Throughout the late 1960’s and early 1970’s Stanford psychologist Walter Mischel conducted what became known as the marshmallow tests. This test looked at the phenomena of delayed gratification in children. as part of the testing protocol children were offered either a small reward immediately or a larger reward if they waited 15 minutes.
Interestingly it was found that those children who could delay their gratification had life trajectories that were very different from the who could not. Everything from body mass index to educational achievement seemed to be reflected in this ability as a child to delay gratification.
It is not surprising that the ability to delay gratification is a key component of being able to trade successfully. Much work has already been done in this field and perhaps the benchmark in terms of summarising the profile of habitual speculators is was the work of Canoles, Thompson, Irwin and France in their article An Analysis Of The Profiles And Motivations Of Habitual Commodity Speculators The authors were able to neatly sum up what motivated speculators –
He is both an aggressive investor and an active gambler. This trader does not consider preservation of his commodity capital to be a very high trading priority. As a result, he rarely uses stop loss orders. He wins more frequently than he loses (over 51% of the time) but is an overall net loser in dollar terms. In spite of recurring trading losses, he has never made any substantial change in his basic trading style. To this trader, whether he won or lost on a particular trade is more important than the size of the win or loss. Thus he consistently cuts his profits short while letting his losses run. He also worries more about missing a move in the market by being on the sidelines than about losing by being on the wrong side of a market move; i.e., being in the action is more important than the financial consequences. Participating brokers confirmed that for the majority of the speculators studied, the primary motivation for continuous trading is the recreational utility derived largely from having a market position.
I have highlighted several pieces that give a glimpse into what is important for the majority of speculators. My anecdotal observation over the past thirty years would confirm that it it is fair to generalise about speculators/traders. The motivation of most are the same as those highlighted by this study. It would also probably be fair to say that the majority of speculators would have failed the marshmallow test as children. This is why a tactic such as trend following is so hard for the majority of people because it requires a pushing back of potential gratification to sometime in the future.
What prompted me to start thinking about the marshmallow test again was this study on impulsivity in gamblers, its findings in adult gamblers are not dissimilar to those found in children who failed the marshmallow test. What the study found was that compulsive gamblers displayed a high degree of impulsiveness as defined as taking smaller rewards much sooner when compared to the normal group. For the majority of the trading population this is probably a spectrum issue as opposed to binary problem. I don’t think traders are neatly divided into those who are always impulsive and in need of instant gratification and those who can sit in a position with the calmness of a Zen master. All of us probably display traits of impulsiveness and an inability to delay gratification at times. the interesting point about Mischel’s original work was that he found that children can either adopt tactics fro delayign gratification naturally or they can be taught.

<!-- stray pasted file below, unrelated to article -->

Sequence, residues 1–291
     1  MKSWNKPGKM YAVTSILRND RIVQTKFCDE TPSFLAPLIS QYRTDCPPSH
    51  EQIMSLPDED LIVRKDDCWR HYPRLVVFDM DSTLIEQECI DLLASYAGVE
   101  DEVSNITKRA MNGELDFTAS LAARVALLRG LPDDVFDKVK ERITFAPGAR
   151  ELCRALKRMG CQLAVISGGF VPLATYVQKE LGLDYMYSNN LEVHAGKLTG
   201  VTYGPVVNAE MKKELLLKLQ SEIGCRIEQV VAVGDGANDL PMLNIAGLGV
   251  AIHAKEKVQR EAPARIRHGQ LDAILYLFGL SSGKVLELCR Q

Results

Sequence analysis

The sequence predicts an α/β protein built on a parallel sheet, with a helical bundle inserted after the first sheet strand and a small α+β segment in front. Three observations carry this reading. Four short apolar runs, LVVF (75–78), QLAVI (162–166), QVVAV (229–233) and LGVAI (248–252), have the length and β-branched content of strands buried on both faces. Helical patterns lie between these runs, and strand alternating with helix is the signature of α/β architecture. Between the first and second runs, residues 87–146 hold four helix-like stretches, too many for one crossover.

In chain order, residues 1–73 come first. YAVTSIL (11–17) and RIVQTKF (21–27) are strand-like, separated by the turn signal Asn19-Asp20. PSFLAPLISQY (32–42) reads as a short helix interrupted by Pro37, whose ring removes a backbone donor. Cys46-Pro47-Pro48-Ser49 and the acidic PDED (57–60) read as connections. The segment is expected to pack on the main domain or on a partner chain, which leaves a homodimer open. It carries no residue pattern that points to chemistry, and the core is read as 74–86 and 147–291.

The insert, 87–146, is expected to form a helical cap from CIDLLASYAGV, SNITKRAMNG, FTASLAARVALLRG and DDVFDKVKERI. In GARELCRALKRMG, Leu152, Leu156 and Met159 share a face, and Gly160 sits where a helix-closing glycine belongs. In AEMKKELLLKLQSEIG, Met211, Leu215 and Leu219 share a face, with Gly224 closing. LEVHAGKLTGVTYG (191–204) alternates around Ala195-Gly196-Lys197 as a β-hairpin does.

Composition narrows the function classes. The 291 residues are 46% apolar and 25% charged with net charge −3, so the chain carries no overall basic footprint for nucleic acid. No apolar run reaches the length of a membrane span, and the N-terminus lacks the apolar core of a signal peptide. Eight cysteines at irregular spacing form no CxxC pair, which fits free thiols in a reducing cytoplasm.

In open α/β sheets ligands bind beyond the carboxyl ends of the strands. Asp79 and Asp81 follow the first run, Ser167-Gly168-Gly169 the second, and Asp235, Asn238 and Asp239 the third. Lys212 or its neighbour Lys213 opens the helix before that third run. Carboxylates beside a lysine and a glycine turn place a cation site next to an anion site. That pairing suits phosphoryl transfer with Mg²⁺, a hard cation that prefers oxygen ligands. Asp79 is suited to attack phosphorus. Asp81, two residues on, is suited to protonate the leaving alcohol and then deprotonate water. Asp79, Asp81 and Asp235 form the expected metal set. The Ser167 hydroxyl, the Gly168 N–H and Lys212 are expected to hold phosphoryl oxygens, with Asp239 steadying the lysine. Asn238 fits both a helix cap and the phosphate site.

Mischel has consistently found that the crucial factor in delaying gratification is the ability to change your perception of the object or action you want to resist. Trying to avoid the tasty treat in front of your nose? Put a frame around it in your mind, as if it were a picture or photograph, to make the temptation less immediate. One boy in Mischel’s test was initially unable to wait, but, with careful instruction, eventually learned to hold out. When Mischel asked him what had changed, the boy replied, “You can’t eat a picture.” Mischel used a different kind of picturing when he quit smoking—he replaced his pleasurable associations with cigarettes with the image of the man in the hospital.
The key, it turns out, is learning to mentally “cool” what Mischel calls the “hot” aspects of your environment: the things that pull you away from your goal. Cooling can be accomplished by putting the object at an imaginary distance (a photograph isn’t a treat), or by re-framing it (picturing marshmallows as clouds not candy). Focussing on a completely unrelated experience can also work, as can any technique that successfully switches your attention.
Mischel’s research has repeatedly shown that, while some people are naturally better at cooling than others, both children and adults can learn mental distancing techniques to strengthen their self-control. Indeed, in the years since the original Bing study, Mischel and his colleagues have started multiple school initiatives to teach delay techniques to children and adolescents, especially to those in high-stress environments. They have also worked as consultants on children’s TV shows, including “Sesame Street,” on which Cookie Monster has undergone a self-control transformation in the last few years.